I have begun work on a new PID controller board. I’ll be documenting it here in due course.
Here are some of the improvements:
- Much better provision for heatsinking the TRIACs. With an option to use water cooling – not sure I’ll need it, but it will definitely mean no more TRIAC overheating ever.
- Potential to use thermocouple temperature probes. (This mainly means a negative voltage rail so the thermocouple can be in electrical contact with the boiler shell which is at GND.)
- Water level probe.
- Support for Gaggia Baby Twin steam boiler. (Extra temperature input and drive TRIAC).
- Louder piezo buzzer.
- 5V and GND exposed via pins for add-ons.
- TWI interface available. (Rather than using the pins for something else as I did previously!). This allows communication with add-ons and (yay!) also with the Baby Twin front panel.
- Power doubling is now done on-board so no external diodes needed. (This is why there are now five TRIACs, one for the steam boiler, one for each element of the main boiler and one for each of the pump and solenoid.)
- Better solution for mounting the board in the coffee machine.
The schematic looks like this at present (any comments welcome): coffeepidshield.pdf
Here’s a picture of the top of the PCB layout:
The board is sized to fit where the Gaggia Baby Twin’s PCB mounting bracket lives along the left hand side of the top boiler housing. Here’s an old bit of PCB giving an idea of the location (the PCB on the picture is the correct width but slightly less tall than the real one will be):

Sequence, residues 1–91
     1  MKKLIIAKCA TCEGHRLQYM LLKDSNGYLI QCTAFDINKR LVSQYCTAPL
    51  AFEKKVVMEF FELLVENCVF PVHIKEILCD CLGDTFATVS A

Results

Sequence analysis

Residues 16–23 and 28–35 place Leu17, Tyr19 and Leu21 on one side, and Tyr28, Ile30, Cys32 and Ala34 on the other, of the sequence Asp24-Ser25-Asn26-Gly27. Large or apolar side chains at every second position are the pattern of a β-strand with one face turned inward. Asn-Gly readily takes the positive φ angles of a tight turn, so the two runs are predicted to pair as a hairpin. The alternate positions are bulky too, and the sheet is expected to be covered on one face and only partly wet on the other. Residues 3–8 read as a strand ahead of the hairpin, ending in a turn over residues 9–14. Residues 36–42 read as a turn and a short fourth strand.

The mounting posts for the Twin PCB bracket help to locate it and I also plan to bolt it to that nice bit of clear base plate with the heatsink. (Note: those mounting posts break off really easily and are best not to be trusted!) Obviously, there will need to be some kind of plastic backing plate to this board to insulate the exposed mains voltage solder pads.
On the bottom right of the PCB layout, you can see the outline of the copper plate I intend to bolt over the TRIACs and bend 90° so it stands flat and doubles as a mounting bracket for the whole board. You can also see the square outline of a 40mm x 40mm water-cooled heatsink. If necessary, this will be cooled by water as it flows from the reservoir to the pump. Here’s a picture of the heatsink and the as-yet-unworked copper sheet (still in plastic film):